Rental Income: Many U.S. expats rent out their U.S. homes during their stays overseas. The rental income and expenses from both the U.S. and abroad properties must be accounted in the filing. For the U.S. property, your management company may provide the necessary information on a 1099-Misc form.
Real Estate Sales: If you made a permanent decision to move abroad, you have likely sold your house or land. Provide your tax preparer with documents from your purchase and the sale of the real estate. Important information to include are: date of purchase, purchase cost, date of sale, total proceeds from the sale, purpose of the property (personal use, business use, etc.), and any improvements to the property.
Social Security and Pension Payments: Your U.S. Social Security payments are reported on a form SSA 1099. Other retirement income, including pension, is included on a form 1099-R. If you receive similar social security benefit from your foreign residence, keep track of all the payments through your bank statements.
Miscellaneous Income: Keep track of miscellaneous income including gambling income, royalties, unemployment support, and disability check as these all need to be reported on a return.
Now that you are familiar with all income sources that will be taxed, let’s take a look at some documents that will help you receive much appreciated tax deductions.
Interest Paid: Mortgage interest is a deductible expense. For your U.S. interest payment, receive a form 1098 to keep. For your foreign interest payments, keep bank account statements
Property Tax paid: Property taxes can be used for several deductions. Keep track of the amount of taxes on your real estate that you paid to the government.
State Income Tax and Sales Tax Paid: Perhaps the most familiar items on the list, the state income tax paid last year and sales tax paid may be deductible.
Foreign Housing Expenses: You may apply for a tax deduction for the cost of your foreign housing. Qualifying expenses include the rent, utilities, property insurance, repairs, and parking. Be sure to keep track of all those expenses for a possible tax deduction.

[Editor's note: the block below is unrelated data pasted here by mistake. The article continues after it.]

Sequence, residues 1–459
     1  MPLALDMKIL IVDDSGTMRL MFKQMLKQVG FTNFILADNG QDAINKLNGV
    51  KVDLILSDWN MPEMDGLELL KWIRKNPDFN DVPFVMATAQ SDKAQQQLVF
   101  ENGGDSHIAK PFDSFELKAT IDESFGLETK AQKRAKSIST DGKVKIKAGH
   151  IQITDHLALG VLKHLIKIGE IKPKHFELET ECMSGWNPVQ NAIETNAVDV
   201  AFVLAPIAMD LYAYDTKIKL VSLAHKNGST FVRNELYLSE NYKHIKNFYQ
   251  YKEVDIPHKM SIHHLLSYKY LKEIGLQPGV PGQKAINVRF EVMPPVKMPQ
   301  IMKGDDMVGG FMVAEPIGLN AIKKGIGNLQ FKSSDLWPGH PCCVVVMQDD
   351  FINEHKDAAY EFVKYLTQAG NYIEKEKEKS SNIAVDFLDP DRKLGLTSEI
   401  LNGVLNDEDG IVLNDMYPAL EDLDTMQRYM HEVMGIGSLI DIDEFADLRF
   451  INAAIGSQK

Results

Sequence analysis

Dependents: Keep track of Social Security numbers or ITINs for all your dependents. Also education costs and child care costs, for children under 13, may qualify for a deduction and different tax credits
Other Deductions: There are other expenses that may be able to reduce your taxable income. Donations to charity- cash or items- may qualify. Be sure to keep track of the amount, date, and charity’s information. Also medical expenses, those not provided through your insurance plan, can lower your taxable income. Other expenses include the alimony paid, unreimbursed business expenses, and administrative fees for your investment accounts.
Foreign Bank Account
If you are an expat, you’ve certainly heard about the FATCA and the FBAR, and that you are required to report your foreign bank and investment accounts. It is best to keep the physical paper statements for six years. The online statements usually are available for only 18 months, and the IRS may request for documents from several years back during an audit. Keep track of monthly statements sent by your foreign banking service provider just to be sure.